For a personal support worker in a nursing home in Norfolk County, Ontario, every day is blurred. There should be at least six PSWs on each floor where she works, but for many days, there are only three or four.
“We are always understaffed… which means that residents are not getting the proper care they deserve,” said the worker, who asked to remain anonymous out of fear of retaliation. “You rush over to wake them up for breakfast and lunch… You are too busy and run all day. At the end of the day, I have nothing.
“It’s heartbreaking because they [like] Your family, you never want to go home and do this to your family. “
Two local PSWs who spoke to CBC Hamilton said that PSWs were exhausted by heavy manual work in understaffed units-a problem that started long before the pandemic, but was exacerbated by its demand.
Vivian Stamatopoulos, a long-term care advocate and researcher who teaches at the Ontario Institute of Technology in Oshawa, said this is a problem that has serious consequences for the people they care for and the workers themselves.
She said: “For decades, this system has been neglected and the situation is getting worse,” she pointed out that during the pandemic, 13 PSWs have died in Ontario. “Who wants to work in a position that you can’t win?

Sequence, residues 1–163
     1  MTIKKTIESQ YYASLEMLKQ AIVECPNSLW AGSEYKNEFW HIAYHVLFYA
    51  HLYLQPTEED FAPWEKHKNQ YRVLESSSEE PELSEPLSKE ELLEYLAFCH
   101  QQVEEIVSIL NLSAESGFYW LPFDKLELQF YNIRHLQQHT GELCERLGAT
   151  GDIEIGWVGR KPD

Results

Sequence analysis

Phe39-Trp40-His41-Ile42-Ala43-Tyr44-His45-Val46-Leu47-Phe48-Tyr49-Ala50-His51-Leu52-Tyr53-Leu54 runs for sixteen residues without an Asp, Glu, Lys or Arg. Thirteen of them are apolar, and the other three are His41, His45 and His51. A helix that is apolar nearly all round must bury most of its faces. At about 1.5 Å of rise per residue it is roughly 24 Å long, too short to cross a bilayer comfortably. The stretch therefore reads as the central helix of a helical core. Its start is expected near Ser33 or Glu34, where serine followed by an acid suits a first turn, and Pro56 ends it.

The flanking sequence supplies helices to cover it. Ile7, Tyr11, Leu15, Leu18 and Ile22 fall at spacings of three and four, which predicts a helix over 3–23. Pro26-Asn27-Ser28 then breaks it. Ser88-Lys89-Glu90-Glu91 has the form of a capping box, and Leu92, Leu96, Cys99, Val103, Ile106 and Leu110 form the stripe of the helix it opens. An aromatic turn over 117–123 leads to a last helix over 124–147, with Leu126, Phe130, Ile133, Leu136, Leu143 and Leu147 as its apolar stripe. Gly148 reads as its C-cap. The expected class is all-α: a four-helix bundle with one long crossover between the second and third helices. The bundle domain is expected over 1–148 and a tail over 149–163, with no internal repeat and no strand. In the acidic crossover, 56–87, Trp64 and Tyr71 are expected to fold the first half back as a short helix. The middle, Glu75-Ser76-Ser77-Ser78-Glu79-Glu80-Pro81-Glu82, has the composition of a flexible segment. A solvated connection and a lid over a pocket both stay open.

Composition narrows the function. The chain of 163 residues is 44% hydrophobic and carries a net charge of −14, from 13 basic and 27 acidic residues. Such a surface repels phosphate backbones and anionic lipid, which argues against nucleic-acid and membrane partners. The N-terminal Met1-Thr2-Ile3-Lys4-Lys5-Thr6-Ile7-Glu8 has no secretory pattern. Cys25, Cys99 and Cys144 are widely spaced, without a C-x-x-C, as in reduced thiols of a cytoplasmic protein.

“These workers went through hell in the first and second waves.” Then many of them said, “‘Go to hell, I work at Starbucks.'”
No luck complaining to management
Norfolk PSW, who works in a public facility, said that she has expressed concerns about the working environment to the management, but unfortunately.
“If we have a complaint about something, we are always sent to the next person,” she said. “We did not get the support we needed from our caregivers, nor did we get the support we deserved from the management… This is almost the norm now, when you walk in, it will will be [awful]. You shouldn’t feel that way. “
She said that at the age of 39, her physical stress exceeded her job share, which has caught up with the mental and emotional stress she copes with every day.
“You keep bending over, turning over, lifting weights, pushing heavy wheelchairs,” she said, adding, “A lot of people seem to have changed careers around the age of 10.”
Hospital PSW also faces burnout
Jen Cuthbert of PSW at Brantford General Hospital said her colleagues in the hospital system felt the pressure of low staffing levels.
“Burnout is huge,” she said. “We have started [before COVID] In the absence of manpower. “
On the day of talking with CBC Hamilton in mid-July, Cuthbert had just completed a weekend shift, and her team was short of two staff members.
“You start with the minimum requirements. Once you receive a sick leave call, you are releasing the water,” she said. On her floor at night, there was only one PSW shift to 25 recovered patients. “Recently, it was just crazy at night… Our facility has started hiring clinical assistants, they are PSW and nursing students who have not yet been certified… But we still have a shortage.”
LTC residents receive approximately 2.5 hours of care per day